As the world races toward a driverless future of robo-cars, you’ll hear more and more complaints from gearheads who insist that they love driving.
What these folks mean, of course, is they love driving, not commuting. There is a difference. They have a few key allies who envision a future where you put the pedal to the metal on the open road, but the robot handles the slog to work. Lamborghini (and its parent,Audi), for example, believeautomated tech will help you push your limits and experience more of what a car can do.
You’d expect that from a company like Lamborghini. You would not expect it from a company like Toyota, which is known for the most utilitarian and appliance-like vehicle ever, the Prius. But the company wants tomake sure future generations experience the joy of driving.
Our vision for the future is that driving is still fun, says Ian Cartabiano, studio chief designer at Toyotas Calty design facility in Southern California.
To that end, the company just unveiled the Concept-i, its vision ofmotoring in 2030, here at CES 2017. Rather than design the body first, as often happens with outlandish concepts,Cartabiano andhis team started from the cockpit, with a clear emphasis on the driver and the AI that will help out. Fun in Toyotas case doesnt necessarily mean pushing a car to oversteer through a switchback, but rather on enjoying the car itself.
In a break with some autonomous cars, Toyota places a steering wheel—which looks a bit like a game controller—front and center. This being 2030, Toyotais fully confident it will have autonomous tech fully sorted, so the Concept-i offers chauffeur mode for when youcant be bothered. That said, this is no driverless pod in which you’re merely along for the ride.The AI monitors the driver’s attention, and can lend a hand if they seem to get distracted.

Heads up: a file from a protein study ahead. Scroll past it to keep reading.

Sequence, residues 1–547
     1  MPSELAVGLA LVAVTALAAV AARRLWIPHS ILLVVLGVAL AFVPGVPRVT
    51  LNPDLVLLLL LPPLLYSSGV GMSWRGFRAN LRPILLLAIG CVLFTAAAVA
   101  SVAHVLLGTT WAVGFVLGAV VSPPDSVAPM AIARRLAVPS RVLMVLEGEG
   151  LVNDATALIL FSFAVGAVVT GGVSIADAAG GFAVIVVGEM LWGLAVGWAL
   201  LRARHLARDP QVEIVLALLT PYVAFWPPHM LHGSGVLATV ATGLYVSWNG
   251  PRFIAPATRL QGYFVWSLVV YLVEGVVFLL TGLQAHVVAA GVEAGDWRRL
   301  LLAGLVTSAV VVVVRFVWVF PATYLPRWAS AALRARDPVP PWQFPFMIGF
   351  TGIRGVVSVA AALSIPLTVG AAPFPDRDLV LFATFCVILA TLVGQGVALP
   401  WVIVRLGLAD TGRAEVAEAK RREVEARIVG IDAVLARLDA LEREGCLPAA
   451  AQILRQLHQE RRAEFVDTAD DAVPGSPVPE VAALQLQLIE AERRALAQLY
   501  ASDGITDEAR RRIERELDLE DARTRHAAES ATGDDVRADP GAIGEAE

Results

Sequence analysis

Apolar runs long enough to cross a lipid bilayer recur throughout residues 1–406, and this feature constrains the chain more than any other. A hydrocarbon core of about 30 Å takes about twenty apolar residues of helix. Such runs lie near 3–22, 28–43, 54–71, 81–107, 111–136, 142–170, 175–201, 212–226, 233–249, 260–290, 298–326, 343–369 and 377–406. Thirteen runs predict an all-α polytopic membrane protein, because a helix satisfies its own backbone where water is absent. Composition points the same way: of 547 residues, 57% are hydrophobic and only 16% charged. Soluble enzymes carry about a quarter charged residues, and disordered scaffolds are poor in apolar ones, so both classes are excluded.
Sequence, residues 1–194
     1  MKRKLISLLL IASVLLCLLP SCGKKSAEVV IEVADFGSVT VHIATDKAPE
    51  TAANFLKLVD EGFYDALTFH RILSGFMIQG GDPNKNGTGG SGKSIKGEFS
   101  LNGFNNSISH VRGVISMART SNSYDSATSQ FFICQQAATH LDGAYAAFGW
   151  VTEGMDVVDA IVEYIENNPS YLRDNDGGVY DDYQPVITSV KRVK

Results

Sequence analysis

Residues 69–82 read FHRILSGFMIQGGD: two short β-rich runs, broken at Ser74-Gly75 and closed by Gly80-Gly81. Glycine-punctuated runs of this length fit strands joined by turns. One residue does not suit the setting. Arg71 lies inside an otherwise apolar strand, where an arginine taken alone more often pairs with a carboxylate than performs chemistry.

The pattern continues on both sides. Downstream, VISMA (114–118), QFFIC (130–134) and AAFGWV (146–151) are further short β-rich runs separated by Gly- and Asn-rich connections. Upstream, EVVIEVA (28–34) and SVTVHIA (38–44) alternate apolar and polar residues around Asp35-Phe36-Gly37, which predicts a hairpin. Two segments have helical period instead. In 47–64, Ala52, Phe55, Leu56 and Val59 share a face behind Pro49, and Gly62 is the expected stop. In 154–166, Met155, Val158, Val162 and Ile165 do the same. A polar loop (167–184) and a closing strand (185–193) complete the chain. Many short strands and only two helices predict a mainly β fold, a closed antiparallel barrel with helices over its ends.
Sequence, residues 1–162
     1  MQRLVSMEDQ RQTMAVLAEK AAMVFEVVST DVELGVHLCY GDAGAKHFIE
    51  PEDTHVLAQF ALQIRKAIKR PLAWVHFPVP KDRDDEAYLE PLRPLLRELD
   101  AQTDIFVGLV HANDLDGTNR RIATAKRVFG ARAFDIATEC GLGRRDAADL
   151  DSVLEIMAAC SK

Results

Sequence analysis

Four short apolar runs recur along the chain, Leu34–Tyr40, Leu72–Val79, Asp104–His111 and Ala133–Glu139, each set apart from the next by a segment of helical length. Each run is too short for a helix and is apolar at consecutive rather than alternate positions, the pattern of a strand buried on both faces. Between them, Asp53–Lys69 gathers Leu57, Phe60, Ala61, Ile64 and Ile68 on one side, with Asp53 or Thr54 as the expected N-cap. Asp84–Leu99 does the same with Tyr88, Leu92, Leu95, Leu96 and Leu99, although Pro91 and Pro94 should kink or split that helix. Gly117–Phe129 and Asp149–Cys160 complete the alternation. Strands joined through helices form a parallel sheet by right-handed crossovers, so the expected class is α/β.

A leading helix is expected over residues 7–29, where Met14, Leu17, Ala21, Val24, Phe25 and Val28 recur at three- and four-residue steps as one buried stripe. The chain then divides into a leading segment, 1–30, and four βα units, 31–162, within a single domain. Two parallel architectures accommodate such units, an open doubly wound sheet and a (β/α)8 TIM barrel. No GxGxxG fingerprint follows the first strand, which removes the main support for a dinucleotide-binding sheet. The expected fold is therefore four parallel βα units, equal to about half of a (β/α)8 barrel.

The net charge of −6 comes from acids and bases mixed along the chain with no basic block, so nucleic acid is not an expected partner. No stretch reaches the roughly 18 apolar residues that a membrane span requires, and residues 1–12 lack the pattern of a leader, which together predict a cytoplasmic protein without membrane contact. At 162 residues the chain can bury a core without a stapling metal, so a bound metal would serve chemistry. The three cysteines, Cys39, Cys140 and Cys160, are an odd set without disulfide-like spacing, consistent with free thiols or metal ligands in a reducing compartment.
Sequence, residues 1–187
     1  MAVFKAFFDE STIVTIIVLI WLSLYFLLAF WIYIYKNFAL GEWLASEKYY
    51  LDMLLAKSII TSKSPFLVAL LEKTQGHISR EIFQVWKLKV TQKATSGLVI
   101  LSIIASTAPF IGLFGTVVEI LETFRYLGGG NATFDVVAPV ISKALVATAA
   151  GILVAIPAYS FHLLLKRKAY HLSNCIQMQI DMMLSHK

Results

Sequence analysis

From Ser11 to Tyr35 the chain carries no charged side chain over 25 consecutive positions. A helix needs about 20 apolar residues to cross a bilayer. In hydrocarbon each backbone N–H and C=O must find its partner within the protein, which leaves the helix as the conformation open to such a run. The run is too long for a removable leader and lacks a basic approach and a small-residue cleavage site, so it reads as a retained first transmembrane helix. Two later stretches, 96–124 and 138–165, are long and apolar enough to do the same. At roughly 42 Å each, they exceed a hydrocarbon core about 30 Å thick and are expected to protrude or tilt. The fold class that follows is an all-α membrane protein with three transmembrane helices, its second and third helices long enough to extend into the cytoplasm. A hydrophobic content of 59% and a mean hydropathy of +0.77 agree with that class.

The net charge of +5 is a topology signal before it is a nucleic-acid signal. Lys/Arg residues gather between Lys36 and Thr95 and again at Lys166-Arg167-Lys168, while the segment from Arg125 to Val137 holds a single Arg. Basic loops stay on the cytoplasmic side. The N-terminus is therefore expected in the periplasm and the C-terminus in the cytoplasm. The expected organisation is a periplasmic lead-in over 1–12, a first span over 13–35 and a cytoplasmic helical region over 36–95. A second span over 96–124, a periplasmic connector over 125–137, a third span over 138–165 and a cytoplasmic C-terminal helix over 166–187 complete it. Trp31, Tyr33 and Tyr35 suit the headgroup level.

That AI, by the way, is called Yui, and it “lives” in the center of the dashboard, where you interact with a simple 2-D animated avatar. The interface alsoflies around the car, appearing on various screens. The avatar’s outer ring represents its body, while the inner circle is its soul. Or something. Cartabiano concedes it isa bit out there,” but this is a concept car and no one really expects everything about them to make sense. And it’s a nice break from the ubiquitous glass touchscreens everyone else sees you using in the near future. Were trying to do the opposite of whats been seen everywhere else lately,” Carabiano says.
The rest of the car is more typical futuristic fare—a sleek white wedge with Lambo-like scissor doors and loads of lighting accents to communicate with everyone around you. (This is a thing in concepts lately.) Its sporty, with a streak of black glass and a silhouette anyone who’s ever seen a Prius will recognize. Cartabiano calls the design style “kinetic warmth.”
Cartabiano is the same designer behind the stunning Lexus LF-LC concept coupethat became theLC500, so he has a track record of making his vision become reality. The Concept-i, with its crazy wheel covers, scissor doors, and headlines that are almost certainly not DOT-legal, will take a bit more work to deliver, but if Toyota maintains a focus on the driver when everyone else is ceding to silicon, it should find a lot of happy buyers.